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Consider a polygon $A_{0} \dots A_{n}$. Why does there exist diagonal $A_{i}A_{j}$ without intersection of polygon. It's looks obvious but why?

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  • $\begingroup$ First of all, don't put the word "stupid" in your title. Second, your question is unclear. What do you mean by "...without intersection of other polygon"? Lastly, what have you tried yourself? $\endgroup$ Apr 24 '17 at 9:12
  • $\begingroup$ @vrugtehagel my bad , sorry $\endgroup$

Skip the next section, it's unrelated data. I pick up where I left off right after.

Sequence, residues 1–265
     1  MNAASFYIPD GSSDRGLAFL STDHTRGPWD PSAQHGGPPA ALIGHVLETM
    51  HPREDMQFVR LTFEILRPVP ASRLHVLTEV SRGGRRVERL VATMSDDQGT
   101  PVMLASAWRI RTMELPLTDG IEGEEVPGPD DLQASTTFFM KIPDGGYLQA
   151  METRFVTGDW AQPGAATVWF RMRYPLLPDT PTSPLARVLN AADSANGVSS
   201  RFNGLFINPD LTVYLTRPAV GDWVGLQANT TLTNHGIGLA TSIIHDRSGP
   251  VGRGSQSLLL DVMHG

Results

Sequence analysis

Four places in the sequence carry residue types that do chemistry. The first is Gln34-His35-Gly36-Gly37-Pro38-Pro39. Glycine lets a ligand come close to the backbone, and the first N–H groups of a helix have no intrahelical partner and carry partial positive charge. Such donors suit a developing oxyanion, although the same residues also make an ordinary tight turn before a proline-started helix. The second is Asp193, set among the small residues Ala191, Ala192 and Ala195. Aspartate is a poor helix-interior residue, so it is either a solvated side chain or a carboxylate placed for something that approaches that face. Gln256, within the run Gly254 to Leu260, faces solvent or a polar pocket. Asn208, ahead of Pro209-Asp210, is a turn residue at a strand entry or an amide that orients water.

– openspace
    Apr 24 '17 at 9:13
  • $\begingroup$ It does hold for concave polygons, if I understand the OP correctly $\endgroup$ Apr 24 '17 at 9:15
  • $\begingroup$ @vrugtehagel Thanks for the reminder. I took existence as "for all"... $\endgroup$
    – Frenzy Li
    Apr 24 '17 at 9:18
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A convex polygon is a non-empty intersection of convex sets (half-planes), hence it is convex. In particular, if we consider the segment joining $A_i$ and $A_j$ with $|i-j|>1$, such segment lies inside the polygon, since it is the convex envelope of $A_i$ and $A_j$.

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